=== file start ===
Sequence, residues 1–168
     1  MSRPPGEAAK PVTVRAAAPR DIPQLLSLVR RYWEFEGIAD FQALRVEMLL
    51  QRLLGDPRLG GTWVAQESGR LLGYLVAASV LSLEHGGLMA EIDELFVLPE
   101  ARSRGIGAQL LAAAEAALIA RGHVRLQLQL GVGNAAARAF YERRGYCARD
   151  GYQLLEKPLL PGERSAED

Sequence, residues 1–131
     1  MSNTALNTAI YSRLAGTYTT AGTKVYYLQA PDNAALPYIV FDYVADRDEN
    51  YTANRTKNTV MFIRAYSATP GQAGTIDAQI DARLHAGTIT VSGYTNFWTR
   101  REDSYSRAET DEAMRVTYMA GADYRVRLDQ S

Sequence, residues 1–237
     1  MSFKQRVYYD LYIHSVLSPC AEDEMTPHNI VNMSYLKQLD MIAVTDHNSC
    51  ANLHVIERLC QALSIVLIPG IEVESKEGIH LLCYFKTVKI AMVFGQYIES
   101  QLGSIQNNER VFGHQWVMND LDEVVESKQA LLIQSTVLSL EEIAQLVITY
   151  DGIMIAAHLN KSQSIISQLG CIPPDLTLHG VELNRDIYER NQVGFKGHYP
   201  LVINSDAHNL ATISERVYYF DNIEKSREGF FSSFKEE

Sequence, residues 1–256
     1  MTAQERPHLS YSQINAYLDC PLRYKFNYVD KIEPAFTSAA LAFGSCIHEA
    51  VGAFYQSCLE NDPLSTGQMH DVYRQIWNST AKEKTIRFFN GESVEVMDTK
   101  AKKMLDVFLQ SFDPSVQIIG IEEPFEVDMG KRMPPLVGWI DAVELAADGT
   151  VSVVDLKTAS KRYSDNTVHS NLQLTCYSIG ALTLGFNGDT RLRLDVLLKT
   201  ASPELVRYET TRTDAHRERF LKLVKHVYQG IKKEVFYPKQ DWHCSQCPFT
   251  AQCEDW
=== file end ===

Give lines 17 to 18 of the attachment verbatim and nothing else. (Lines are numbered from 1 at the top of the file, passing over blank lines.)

     1  MTAQERPHLS YSQINAYLDC PLRYKFNYVD KIEPAFTSAA LAFGSCIHEA
    51  VGAFYQSCLE NDPLSTGQMH DVYRQIWNST AKEKTIRFFN GESVEVMDTK